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The Wearle

Chris D’Lacey. Scholastic Press, $16.99 (320p) ISBN 978-0-545-90018-8

D’Lacey’s Last Dragon Chronicles explored a time after dragons ceased to exist on Earth; in this prehistoric fantasy, which begins the Erth Dragons series, he follows the struggles of the initial dragon colonists who traveled to this planet from Ki:mera. Gabrial, a young dragon, wants to prove himself worthy of guarding the new hatchlings, but when disaster strikes, he’s stripped of his name and responsibilities. As Gabrial attempts to redeem himself, a bold human boy named Ren discovers a dragon hatchling, which brings him into conflict with his own community. As Gabrial and Ren’s stories collide, they attempt to save their peoples from a conflict that could destroy all of them. As in the Last Dragon Chronicles, there is a preponderance of G names where dragons are concerned, as well as odd stylistic choices that include the mid-word colons of dragonspeak (“i:mage,” “De:allus”) and the human, or “Hom,” terms for animals: instead of horses, rabbits, and butterflies, there are whinneys, hoppers, and flutterflies. Newcomers may be distracted by the linguistic quirks, but this remains a rousing adventure with sweeping aerial action scenes and a tense mystery at its center. Ages 8–12. (Dec.)

Reviewed on 12/02/2016 | Details & Permalink

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The Crystal Ribbon

Celeste Lim. Scholastic Press, $17.99 (352p) ISBN 978-0-545-76703-3

At age 11, Li Jing is sent away from her beloved father and brothers, and married off for five pieces of silver. Her family assures her that she will be cared for by the Guos, but she is instead greeted by a life of servitude and harsh beatings. As a tongyang xi, Jing serves as caregiver for her three-year-old child husband. The Guos, in financial straits, sell Jing to a chinglou, where she is to become a courtesan. Refusing to resign herself to this life, she escapes with the aid of forces both human and magical. Set in 1102 C.E. in medieval China, Lim’s debut viscerally captures the harsh realities of Jing’s life. Despite the often difficult circumstances, Jing is surrounded by people and forces willing to help her, rewarding her kindness and persistence. These supportive presences, coupled with Jing’s encounters with magical spirits and the noble feats she accomplishes throughout her journey, give Lim’s novel a mythical air. Well-researched historical elements meet rich fantasy in this tale of determination and devotion. Ages 8–12. Agent: Rosemary Stimola, Stimola Literary Studio. (Jan.)

Reviewed on 12/02/2016 | Details & Permalink

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Noodles’ and Albie’s Birthday Surprise

Eric Bennett, illus. by Milanka Reardon. Penguin Place, $17.95 (32p) ISBN 978-0-692-78885-1

Noodles the penguin and his fish friend, Albie, get a chance to save Christmas in this humorous follow-up to Noodles and Albie: A Penguin Journey. (Never mind that neither animal has heard of the holiday.) Bennett’s story primarily revolves around another celebration: Noodles’s birthday, which falls on December 24. Albie gives him a compass as a present, and Noodles quickly regifts it after they run into a “chubby tourist” dressed in red, stranded with his reindeer on an Antarctic ice floe. Bennett and Reardon both get in some good jokes: Santa describes how his new GPS system’s incessant instructions led him to go off-course, and during a visit to an underwater amusement park, Albie and Noodles take a spin on the Octowhirl ride, an actual octopus. The story meanders a bit, and Reardon’s artwork wavers uncomfortably between cartoonish and naturalistic in places, but readers should still get a kick out of the animals’ obliviousness to all things Christmas. A lighthearted Q&A with Albie—featuring questions about the Antarctic, how compasses work, and more—rounds out this warm friendship story. Ages 4–8. (BookLife)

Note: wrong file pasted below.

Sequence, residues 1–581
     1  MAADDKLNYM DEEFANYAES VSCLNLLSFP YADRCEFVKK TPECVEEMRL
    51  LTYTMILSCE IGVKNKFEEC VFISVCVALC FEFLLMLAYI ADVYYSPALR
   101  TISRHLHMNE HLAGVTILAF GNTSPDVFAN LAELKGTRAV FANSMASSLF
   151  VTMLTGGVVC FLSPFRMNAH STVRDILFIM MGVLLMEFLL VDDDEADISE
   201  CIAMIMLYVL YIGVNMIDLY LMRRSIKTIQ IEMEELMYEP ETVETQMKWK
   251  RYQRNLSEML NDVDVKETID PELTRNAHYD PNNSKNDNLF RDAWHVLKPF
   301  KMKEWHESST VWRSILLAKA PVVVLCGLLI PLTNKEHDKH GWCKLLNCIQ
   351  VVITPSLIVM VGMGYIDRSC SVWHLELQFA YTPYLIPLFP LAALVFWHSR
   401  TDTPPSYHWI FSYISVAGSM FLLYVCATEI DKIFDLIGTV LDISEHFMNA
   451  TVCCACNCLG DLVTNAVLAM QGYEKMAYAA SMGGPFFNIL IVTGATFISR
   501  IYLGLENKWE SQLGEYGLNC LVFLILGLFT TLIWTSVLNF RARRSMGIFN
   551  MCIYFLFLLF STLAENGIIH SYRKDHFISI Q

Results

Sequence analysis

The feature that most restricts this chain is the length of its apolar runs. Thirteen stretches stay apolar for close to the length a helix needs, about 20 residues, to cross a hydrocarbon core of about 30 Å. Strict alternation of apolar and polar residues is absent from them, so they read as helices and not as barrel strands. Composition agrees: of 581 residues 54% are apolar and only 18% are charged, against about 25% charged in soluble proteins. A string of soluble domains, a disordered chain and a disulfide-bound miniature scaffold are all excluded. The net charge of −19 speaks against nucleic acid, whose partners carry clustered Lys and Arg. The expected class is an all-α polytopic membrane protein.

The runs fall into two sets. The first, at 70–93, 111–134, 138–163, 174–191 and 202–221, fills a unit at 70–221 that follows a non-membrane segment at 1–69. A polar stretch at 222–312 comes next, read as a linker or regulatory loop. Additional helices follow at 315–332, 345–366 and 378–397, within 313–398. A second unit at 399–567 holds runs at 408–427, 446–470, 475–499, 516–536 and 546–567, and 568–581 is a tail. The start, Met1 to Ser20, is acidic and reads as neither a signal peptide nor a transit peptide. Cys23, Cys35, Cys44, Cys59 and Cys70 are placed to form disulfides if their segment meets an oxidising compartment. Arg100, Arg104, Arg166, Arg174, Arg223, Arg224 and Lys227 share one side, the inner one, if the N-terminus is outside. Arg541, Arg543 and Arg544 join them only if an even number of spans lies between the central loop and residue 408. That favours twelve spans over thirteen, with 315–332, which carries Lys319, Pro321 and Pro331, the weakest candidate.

Reviewed on 12/02/2016 | Details & Permalink

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I’ll Hug You More

Laura Duksta, illus. by Melissa Iwai. Sourcebooks Jabberwocky, $16.99 (32p) ISBN 978-1-4926-2618-3

Duksta returns to the two-in-one format of I’ll Love You More (2007), using a large cast of animals to celebrate the comfort inherent in a parent-child hug. Reading the book from one end reveals a child’s perspective (“I’ll hug you to say thank-you/ for getting my breakfast ready./ I’ll hug you and snuggle with you/ and my favorite teddy”), and flipping it over presents an adult’s take as a hug-filled day progresses from morning to night. Two purple ring-tailed lemurs kick things off both times, and the lemurs again appear in the middle, where the narratives converge. Iwai’s (Let’s Go to the Hardware Store) cheery, multi-textured illustrations highlight the sheer versatility of hugs one can give: a small hippo offers a one-handed, behind-the-back number as it eats cereal at the breakfast table, a ladybug uses all six limbs to cling to its parent, and two snakes entwine in a cozy, circular embrace. The rhythms of Duksta’s verse can be somewhat clunky, but her reassuring message comes through loud and clear. Ages 4–8. Author’s agent: Cathy Hemming. Illustrator’s agent: Chris Tugeau, Christina A. Tugeau Artist Agency. (Jan.)

Reviewed on 12/02/2016 | Details & Permalink

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